Can I use a VLAN?

Discussion in 'Other LAN and WAN' started by Kiangs, Nov 7, 2012.

  1. Kiangs

    Kiangs Occasional Visitor

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    Hi,

    I've currently got 2 x Netgear GS108T 'smart' switches at opposite ends of the house linked together via CAT5e.

    Currently I've got an ADSL modem/router connected to the first switch via Powerline adaptors.

    However, due to a broadband upgrade this will soon be changed and I will have a separate modem and router. Which is where my problems start. I can't physically put the two in the same location.

    I can't move the modem, so it will still be connected via the Powerline adaptors to where the first switch is located. Now, if I could locate the router here its fairly easy - into the router WAN port then from a LAN port into the switch and so on.

    Unfortunately though I really don't want (aesthetics this time) the router at that location either - I want it connected to the second switch if at all possible.

    I understand the GS108T's are capable of running VLANs but not sure if they offer a solution. I'm wondering if a VLAN can be set up so basically the modem and the router's WAN port can talk to each other but are isolated from the rest of the network?

    Hope I'm making some sense explaining what I'm thinking! :confused:

    ps In case you think I've missed the obvious - I can't move the Powerline adaptors either as speed is atrocious in the location of the second switch!
     
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  3. jdabbs

    jdabbs Super Moderator

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    I haven't used a GS108T, but what you are asking for sounds doable.

    Logical layout of a VLAN trunk:

    Switch A
    Port 1/VLAN X (tagged): uplink to switch B
    Port 2/VLAN X (untagged): Modem
    Port 3-whatever: Rest of the network (untagged VLANs)

    Switch B:
    Port 1/VLAN X (tagged): uplink to switch A
    Port 2/VLAN X (untagged): Router WAN
    Port 3-whatever: Rest of the network (untagged VLANs)

    You could get away with not tagging frames on the trunk link, but setting things up this way will allow you to carry multiple VLANs on the same trunk link (useful if you want to put the remaining switch ports on the same network segment).
     
  4. Kiangs

    Kiangs Occasional Visitor

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    Thanks jdabbs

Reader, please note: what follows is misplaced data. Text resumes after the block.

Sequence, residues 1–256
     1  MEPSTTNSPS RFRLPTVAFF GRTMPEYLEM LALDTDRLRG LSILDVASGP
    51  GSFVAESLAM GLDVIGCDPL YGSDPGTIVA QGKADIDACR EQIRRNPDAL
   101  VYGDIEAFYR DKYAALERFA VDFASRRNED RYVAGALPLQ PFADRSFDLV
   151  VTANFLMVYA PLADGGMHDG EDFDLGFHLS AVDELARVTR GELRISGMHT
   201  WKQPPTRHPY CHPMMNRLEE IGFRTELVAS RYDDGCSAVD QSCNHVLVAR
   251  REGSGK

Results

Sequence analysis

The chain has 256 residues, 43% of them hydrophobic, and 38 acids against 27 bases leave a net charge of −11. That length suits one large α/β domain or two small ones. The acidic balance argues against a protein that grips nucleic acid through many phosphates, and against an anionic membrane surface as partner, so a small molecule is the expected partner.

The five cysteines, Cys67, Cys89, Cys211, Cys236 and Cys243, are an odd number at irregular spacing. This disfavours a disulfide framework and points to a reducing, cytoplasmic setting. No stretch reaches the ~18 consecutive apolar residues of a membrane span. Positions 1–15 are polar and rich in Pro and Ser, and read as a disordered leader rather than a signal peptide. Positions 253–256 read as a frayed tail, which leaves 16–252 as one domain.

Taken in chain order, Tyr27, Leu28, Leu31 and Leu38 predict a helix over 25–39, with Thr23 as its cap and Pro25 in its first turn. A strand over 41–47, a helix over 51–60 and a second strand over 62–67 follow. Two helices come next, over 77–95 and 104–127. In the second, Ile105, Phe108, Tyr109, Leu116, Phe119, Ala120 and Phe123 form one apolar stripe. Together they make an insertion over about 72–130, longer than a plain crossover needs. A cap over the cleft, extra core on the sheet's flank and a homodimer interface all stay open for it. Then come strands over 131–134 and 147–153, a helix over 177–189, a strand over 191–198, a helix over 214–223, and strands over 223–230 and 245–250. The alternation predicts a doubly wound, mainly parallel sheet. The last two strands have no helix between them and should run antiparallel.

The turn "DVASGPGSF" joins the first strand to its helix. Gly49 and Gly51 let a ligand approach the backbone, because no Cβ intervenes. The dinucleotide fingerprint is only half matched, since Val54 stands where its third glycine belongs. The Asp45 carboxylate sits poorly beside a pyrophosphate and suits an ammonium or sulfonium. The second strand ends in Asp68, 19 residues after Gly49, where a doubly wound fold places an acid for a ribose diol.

Hopefully after a couple of Google searches I'll follow exactly what you are saying and be able to configure it, but it sounds promising! :D
     
  5. jdabbs

    jdabbs Super Moderator

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    VLANs are relatively easy. The only gotchas you have to worry about are tagged vs untagged (always tag on trunk links, even though it isn't strictly necessary, untag everywhere else), and not doing anything fancy on VLAN 1 (usually the default/management VLAN).
     
  6. Kiangs

    Kiangs Occasional Visitor

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    Hello again,

    I've run a test by setting up a VLAN but have encountered an issue which I can't explain. Whats happening is probably very logical to you guys.

    As I haven't yet got a separate modem/router, I thought I'd run a test as follows:

    Switch A
    Port 1 - VLAN1 (Tagged), VLAN2 (Tagged) : Link to switch B
    Ports 2 to 7 - VLAN1 (Untagged) : Other devices
    Port 8 - VLAN2 (Tagged) : Modem/Router

    Switch B
    Port 1 - VLAN1 (Tagged), VLAN2 (Tagged) : Link to switch A
    Ports 2 to 6 - VLAN1 (Untagged) : Other devices
    Port 7 - VLAN1 (Untagged) : Link from switch C (Port 2)
    Port 8 - VLAN2 (Tagged) : Link to switch C (Port 1)

    Switch C - UNMANAGED
    Port 1 - Link from switch B (Port 8)
    Port 2 - Link to switch B (Port 7)

    My thinking was this.... Traffic from the Modem/Router would enter switch A on port 8 and be tagged as VLAN2. It would be kept separate from the rest of the network on the default VLAN1. It would them be 'trunked' via Port 1 to switch B and exit untagged via Port 8. It then enters the unmanaged switch C on port 1 and then exits on port 2 back to switch B. My theory was that this would complete the link required to provide the internet link back to VLAN1 and hence all the other devices on the VLAN1 ports.

    I was wrong. I get a switch loop ! :rolleyes:

    Perhaps this won't actually be an issue when I separate the modem/router as originally described - as I say, I was just messing about testing.

    But I would love to hear why this actually causes a switch loop, I'd appreciate a (simple!) explanation from you experts!
     
  7. jdabbs

    jdabbs Super Moderator

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    In the original design, the link between public (router WAN) and private LAN traffic was to be handled by the router.